Unless you have no access to the news and live under a rock, you've probably heard a least a snippet or two of the aftermath of Black Friday. If you watch any TV at all, you've been inundated with commercial after commercial of catchy and not-so-catchy ads trying to lure you into stores this week all with the grand bargain of providing you with deals if you'll part with some of your money. One of my least favorites is JCPenney's corruption of "Deck the Halls" with their admonition to drop everything after Thanksgiving dinner and go shopping.
I've read several articles on The Atlantic, such as this one, explaining the need for Black Friday shoppers to be cautious in their shopping and to realize that retailers have the upper hand on this day. I've also seen several friends post status updates on social media making their case against the evils of Black Friday. One post, however, stood out to me. In short, my friend said that it is easy to ignore the lures of Black Friday deals when you have the luxury of a middle class income. When her family was struggling in previous years, she used the deals from this day to buy needed items.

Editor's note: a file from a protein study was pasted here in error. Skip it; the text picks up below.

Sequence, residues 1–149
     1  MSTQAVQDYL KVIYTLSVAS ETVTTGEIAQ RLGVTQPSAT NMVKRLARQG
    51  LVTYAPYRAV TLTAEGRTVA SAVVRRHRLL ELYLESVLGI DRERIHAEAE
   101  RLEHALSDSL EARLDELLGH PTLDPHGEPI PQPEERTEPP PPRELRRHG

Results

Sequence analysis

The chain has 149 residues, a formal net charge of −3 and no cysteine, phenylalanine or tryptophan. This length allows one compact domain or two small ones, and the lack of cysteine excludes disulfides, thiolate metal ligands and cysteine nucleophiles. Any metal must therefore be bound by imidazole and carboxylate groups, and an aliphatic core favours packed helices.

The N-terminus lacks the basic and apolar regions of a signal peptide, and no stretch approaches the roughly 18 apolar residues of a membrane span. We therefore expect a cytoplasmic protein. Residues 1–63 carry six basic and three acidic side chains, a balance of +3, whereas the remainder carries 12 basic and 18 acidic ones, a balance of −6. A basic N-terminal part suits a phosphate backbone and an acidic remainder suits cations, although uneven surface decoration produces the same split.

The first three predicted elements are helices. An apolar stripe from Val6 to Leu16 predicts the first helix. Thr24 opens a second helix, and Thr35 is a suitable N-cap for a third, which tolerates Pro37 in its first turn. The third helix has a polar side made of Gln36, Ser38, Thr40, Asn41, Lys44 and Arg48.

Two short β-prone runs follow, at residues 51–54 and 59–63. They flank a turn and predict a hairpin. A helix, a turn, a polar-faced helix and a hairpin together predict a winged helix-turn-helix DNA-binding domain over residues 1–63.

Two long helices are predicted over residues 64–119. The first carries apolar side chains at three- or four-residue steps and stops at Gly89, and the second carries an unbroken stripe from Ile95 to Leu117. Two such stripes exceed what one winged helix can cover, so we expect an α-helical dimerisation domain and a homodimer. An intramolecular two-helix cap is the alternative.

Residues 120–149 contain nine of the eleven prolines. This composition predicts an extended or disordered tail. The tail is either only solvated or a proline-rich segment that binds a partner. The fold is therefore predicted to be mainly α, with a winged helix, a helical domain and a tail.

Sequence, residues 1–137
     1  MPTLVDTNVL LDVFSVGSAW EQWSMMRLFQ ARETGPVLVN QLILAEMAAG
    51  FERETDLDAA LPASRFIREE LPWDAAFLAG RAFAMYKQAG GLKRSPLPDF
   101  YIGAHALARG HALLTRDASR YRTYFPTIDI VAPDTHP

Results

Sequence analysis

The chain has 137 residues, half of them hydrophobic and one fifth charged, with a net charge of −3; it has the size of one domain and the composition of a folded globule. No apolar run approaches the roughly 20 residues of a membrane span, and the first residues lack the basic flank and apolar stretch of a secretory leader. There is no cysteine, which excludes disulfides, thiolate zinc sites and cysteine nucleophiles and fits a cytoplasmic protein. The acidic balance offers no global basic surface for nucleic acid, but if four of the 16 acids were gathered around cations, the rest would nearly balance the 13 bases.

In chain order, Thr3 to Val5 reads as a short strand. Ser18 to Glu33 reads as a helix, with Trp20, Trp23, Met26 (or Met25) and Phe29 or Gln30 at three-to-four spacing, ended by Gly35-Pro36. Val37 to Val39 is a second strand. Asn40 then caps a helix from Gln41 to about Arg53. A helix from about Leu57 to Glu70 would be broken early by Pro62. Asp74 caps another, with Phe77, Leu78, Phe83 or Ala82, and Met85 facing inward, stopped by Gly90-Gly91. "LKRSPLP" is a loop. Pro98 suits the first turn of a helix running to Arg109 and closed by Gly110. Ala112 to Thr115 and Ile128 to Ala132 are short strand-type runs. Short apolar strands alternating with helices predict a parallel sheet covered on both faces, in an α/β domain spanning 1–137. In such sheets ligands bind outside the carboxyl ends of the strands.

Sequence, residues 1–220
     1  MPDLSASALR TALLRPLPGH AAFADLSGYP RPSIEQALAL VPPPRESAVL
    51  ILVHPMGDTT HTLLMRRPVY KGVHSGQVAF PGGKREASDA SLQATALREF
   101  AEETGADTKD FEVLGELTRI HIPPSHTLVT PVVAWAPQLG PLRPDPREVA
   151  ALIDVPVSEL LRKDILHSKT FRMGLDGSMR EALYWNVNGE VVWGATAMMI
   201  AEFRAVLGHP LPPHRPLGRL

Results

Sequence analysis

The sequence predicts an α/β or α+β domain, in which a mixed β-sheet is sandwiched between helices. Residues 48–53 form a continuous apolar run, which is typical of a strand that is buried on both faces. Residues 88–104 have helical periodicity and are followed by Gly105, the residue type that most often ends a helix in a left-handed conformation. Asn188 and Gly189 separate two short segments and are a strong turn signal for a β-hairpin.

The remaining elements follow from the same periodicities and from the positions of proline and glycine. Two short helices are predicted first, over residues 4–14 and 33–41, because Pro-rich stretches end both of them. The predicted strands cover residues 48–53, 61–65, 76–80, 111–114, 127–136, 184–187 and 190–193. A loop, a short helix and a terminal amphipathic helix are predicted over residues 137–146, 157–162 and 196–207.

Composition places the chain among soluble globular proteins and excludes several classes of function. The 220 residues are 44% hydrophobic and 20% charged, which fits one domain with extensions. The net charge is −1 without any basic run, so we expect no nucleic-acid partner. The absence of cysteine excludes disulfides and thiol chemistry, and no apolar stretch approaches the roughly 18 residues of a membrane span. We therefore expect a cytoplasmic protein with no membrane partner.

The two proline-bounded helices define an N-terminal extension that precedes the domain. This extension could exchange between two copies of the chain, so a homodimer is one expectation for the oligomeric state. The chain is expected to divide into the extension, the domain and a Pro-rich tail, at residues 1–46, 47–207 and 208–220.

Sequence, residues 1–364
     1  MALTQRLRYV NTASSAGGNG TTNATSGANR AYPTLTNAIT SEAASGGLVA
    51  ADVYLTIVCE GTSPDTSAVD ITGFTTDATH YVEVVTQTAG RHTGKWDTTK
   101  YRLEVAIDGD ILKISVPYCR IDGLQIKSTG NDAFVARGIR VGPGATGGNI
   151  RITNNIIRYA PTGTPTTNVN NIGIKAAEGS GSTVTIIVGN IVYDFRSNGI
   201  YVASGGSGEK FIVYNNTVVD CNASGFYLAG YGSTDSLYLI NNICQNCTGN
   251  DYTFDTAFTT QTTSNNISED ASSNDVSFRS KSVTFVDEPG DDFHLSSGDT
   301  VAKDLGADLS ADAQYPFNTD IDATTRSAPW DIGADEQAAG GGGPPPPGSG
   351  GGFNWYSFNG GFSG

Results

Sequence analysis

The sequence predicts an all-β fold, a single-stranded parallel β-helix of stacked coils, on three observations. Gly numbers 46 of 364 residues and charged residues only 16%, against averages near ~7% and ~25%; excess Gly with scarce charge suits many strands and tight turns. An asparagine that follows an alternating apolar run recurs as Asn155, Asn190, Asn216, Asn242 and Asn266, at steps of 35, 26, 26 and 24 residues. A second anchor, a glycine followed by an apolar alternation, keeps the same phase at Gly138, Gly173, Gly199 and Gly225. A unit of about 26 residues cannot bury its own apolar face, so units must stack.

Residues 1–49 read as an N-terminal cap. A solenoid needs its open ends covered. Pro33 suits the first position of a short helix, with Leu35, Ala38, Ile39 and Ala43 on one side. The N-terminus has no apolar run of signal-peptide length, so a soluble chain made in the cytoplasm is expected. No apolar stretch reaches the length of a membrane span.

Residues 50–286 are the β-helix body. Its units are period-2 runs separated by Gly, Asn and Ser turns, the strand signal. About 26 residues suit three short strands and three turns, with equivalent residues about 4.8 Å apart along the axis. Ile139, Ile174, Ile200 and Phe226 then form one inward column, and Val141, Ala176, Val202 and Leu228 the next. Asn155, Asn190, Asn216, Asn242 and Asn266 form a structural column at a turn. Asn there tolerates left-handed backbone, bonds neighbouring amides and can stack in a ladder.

I've been thinking about her comments on and off all day and I've concluded this - hogwash. In 2012, the average Black Friday shopper spent $423. Last time I checked, groceries, electricity, gas, and healthcare weren't on sale during Black Friday. The best you might do for buying "needed" items is finding some clothing on sale. But even then, that clothing would likely be on sale for a greater discount immediately after Christmas.
Black Friday isn't for the poor. It is for large corporations.
Black Friday isn't an opportunity to get a good deal. It is an opportunity to throw out money on things you didn't plan to buy.
Black Friday isn't a day of shopping "sport." It is a day of undignified brawls, and even deaths, all in the name of consumerism gone wild.
My husband and I agreed to formalize a previously unspoken tradition. Unless there is a dire emergency, we will never purchase anything on Thanksgiving Day, Black Friday, or Christmas Day. That includes gas and entertainment, such as movies, which my family is found of taking part in on Christmas Day.
I challenge you to do the same in future years.